Sawa Shabab (Together Youth) series is produced locally by Free Voice South Sudan in collaboration with USIP, to promote peace and stability by empowering youth to be confident, open-minded and participatory citizens in a diverse society.

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The drama series follows the daily lives of different young South Sudanese as they face unique challenges while learning how to become peacebuilders in their communities.  Sawa Shabab consists of 20 episodes in  English and Arabic and five episodes in Nuer and Dinka languages and will be aired on Radio Miraya, the Catholic Radio Network and other local stations across the country.

Featured Episode

Episode 14

Family tensions come to a head in this episode. After Ms. Mary bans the student union from wearing traditional jewelry, ChoCho encourages Winnie not to give up. Taban and ChoCho travel to see Taban’s father in the village, but the visit is not what he thought it would be. Richard and his father get into a fight and he learns from he only received his promotion because of his family connections.

English

Arabic

 

About the Peacebuilding Curriculum

The dramatic series is based on an educational, peacebuilding curriculum designed with local partners. The curriculum seeks to increase knowledge and change the attitudes and behaviors of youth listeners regarding their roles in building peace in South Sudan. The series' curriculum focuses on three main goals, identified by local experts as critical to building peace in South Sudan.

The series’ curriculum focuses on three main areas, identified by local experts as critical to building peace in South Sudan.

  • Co-Existence and National Identity – To promote peaceful co-existence and mutual respect among South Sudanese youth from different cultural and tribal orientations.
  • Youth Empowerment and Personal Responsibility - To create the foundations of peacebuilding by empowering South Sudanese youth to be accountable, independent and participatory citizens of society.
  • Gender – To promote peaceful and democratic growth in society by fostering an understanding of gender equality. 

Interact with Sawa Shabab

Young South Sudanese inside and outside of the country are encouraged to engage with the Sawa Shabab program. Youth can share their thoughts and experiences online through the Sawa Shabab Facebook fan page as well as via Twitter (@SawaShabab).

The program also includes opportunities for young listeners in South Sudan to interact with the drama through text messages and phone call-ins. Listeners will be invited to respond to questions raised within the episode and send thoughts and feedback on characters and storylines.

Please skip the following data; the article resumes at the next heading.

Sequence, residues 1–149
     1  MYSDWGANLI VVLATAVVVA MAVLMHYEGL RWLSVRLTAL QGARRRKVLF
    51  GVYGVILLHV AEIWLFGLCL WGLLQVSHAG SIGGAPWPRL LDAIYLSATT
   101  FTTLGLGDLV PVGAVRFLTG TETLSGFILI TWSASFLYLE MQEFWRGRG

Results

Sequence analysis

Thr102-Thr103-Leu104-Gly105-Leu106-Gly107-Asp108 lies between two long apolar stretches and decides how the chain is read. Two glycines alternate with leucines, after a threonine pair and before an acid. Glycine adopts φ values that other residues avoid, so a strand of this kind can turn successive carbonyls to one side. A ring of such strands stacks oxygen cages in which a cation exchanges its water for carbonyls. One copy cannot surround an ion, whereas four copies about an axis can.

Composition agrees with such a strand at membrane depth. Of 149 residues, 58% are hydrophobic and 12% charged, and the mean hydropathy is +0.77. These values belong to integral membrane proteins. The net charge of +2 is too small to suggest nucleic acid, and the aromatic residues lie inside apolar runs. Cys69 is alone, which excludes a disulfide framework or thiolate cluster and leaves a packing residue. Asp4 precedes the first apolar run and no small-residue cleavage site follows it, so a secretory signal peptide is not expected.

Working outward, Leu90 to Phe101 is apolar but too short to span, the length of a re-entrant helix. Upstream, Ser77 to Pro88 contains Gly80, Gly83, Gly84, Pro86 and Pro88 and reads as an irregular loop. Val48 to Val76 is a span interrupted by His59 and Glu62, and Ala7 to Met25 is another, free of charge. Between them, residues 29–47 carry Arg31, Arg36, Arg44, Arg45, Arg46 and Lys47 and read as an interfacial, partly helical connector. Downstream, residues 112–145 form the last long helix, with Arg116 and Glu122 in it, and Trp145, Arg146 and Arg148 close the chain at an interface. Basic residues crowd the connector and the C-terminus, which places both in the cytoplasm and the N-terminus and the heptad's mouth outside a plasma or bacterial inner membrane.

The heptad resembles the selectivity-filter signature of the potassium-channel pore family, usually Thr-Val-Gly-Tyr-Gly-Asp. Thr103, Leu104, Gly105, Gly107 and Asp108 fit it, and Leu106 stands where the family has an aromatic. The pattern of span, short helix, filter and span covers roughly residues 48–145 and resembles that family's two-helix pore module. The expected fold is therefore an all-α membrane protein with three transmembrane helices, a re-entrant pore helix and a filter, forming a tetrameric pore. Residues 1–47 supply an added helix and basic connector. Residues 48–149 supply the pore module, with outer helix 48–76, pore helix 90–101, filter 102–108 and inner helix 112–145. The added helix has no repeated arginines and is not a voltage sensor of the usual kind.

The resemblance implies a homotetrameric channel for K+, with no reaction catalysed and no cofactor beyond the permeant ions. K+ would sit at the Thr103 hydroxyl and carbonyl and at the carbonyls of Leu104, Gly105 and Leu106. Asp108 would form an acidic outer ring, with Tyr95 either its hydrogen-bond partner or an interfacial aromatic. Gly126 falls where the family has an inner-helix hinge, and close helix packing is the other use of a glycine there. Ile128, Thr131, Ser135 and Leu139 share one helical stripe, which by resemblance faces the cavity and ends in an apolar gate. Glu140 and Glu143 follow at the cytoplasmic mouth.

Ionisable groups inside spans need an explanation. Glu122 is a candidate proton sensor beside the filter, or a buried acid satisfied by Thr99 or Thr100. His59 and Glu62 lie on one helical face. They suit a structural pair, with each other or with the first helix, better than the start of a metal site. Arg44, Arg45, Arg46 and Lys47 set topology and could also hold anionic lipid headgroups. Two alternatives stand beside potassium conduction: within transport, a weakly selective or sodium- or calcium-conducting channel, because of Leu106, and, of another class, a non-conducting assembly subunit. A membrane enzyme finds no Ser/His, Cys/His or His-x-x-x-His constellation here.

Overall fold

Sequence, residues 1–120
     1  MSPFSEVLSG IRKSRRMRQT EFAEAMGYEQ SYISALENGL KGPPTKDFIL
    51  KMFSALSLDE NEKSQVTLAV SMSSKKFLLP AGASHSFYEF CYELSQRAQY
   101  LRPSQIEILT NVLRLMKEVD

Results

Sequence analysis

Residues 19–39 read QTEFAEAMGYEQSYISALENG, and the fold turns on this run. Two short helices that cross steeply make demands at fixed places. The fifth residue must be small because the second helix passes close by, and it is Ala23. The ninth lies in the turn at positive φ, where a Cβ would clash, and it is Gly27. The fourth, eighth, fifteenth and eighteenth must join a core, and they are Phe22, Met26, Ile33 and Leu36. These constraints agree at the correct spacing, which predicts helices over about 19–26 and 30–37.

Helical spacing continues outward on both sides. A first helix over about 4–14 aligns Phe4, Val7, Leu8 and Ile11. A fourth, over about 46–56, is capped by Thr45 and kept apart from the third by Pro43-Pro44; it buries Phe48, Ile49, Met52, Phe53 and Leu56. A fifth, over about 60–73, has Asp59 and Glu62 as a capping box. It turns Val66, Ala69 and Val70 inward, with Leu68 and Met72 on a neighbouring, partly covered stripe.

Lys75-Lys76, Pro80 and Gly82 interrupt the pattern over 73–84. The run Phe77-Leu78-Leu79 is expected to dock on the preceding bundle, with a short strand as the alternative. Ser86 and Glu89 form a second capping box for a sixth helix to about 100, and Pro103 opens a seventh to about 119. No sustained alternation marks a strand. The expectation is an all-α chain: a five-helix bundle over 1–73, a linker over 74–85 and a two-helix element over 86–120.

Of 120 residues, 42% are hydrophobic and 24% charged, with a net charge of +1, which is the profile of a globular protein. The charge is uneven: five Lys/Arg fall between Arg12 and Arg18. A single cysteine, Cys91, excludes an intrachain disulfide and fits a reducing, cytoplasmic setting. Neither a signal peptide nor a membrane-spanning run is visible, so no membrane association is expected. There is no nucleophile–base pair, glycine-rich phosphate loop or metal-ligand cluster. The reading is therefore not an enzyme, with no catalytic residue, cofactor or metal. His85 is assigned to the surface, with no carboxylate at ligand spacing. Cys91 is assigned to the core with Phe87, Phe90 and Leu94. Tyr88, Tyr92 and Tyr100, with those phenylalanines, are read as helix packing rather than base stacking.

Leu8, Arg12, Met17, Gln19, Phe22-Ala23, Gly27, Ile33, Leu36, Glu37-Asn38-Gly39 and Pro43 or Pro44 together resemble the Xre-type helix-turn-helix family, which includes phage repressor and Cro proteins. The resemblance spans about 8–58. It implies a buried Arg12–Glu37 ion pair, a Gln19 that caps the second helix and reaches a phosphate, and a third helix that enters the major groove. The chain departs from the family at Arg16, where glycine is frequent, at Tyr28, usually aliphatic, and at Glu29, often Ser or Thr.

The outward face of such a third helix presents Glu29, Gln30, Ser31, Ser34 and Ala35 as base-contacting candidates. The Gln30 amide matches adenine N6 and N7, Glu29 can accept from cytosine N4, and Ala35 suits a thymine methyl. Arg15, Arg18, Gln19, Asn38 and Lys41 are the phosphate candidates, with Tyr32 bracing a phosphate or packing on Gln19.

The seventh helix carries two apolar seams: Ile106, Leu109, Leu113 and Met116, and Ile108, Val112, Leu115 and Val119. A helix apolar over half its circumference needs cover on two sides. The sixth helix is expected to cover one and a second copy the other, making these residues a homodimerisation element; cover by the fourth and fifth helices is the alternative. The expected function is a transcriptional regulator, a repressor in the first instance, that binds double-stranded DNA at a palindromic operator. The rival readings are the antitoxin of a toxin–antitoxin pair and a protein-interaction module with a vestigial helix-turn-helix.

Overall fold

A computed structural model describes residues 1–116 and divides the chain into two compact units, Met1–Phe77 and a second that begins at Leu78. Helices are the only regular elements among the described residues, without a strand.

Listen to the Series Theme Song

 

 

Related Publications

Sudan Remains at a Stalemate After the Military’s Crackdown

Sudan Remains at a Stalemate After the Military’s Crackdown

Thursday, June 20, 2019

By: Elizabeth Murray

It’s been over two months since Sudan’s longtime dictator, Omar al-Bashir, was overthrown by the country’s military following months of popular protests. On June 3, the Transitional Military Council (TMC)—which has been ruling since Bashir’s ouster—escalated its lethal crackdown on peaceful protesters in Khartoum and other cities. The protesters say that their demand is the same as before—a transition to civilian rule—but that they will not negotiate with the TMC unless it first meets certain conditions. What’s happening in Sudan? When will negotiations on the country’s transition resume? How can the international community help? USIP’s Elizabeth Murray discusses the latest on the situation in Sudan.

Democracy & Governance

Payton Knopf on the Stakes in Sudan

Payton Knopf on the Stakes in Sudan

Thursday, May 23, 2019

By: Payton Knopf

What’s at stake in Sudan as tense negotiations between the Transitional Military Council and protesters continue? “We need to see a swift transition to civilian-led rule,” says Payton Knopf. “Otherwise I’m afraid what will result is increased instability … or potentially a catastrophic failure of the state.”

Conflict Analysis & Prevention

Chad, and Darfur, After Bashir

Chad, and Darfur, After Bashir

Thursday, May 2, 2019

By: Jérôme Tubiana; Aly Verjee

The politics of the Central African nation of Chad are closely connected with those of Sudan, most prominently because of Darfur, the vast and troubled Sudanese region which borders Chad to the east. The recent fall of Sudan’s president Omar al-Bashir—in power since 1989—raises questions about the future of Chad’s president and U.S. ally, Idriss Déby, beset by similar governance challenges and in power since 1990. Jérôme Tubiana, co-author of a 2017 USIP report on Chad, and USIP’s Aly Verjee discuss the implications of political change in Sudan for Chad.

Conflict Analysis & Prevention; Democracy & Governance

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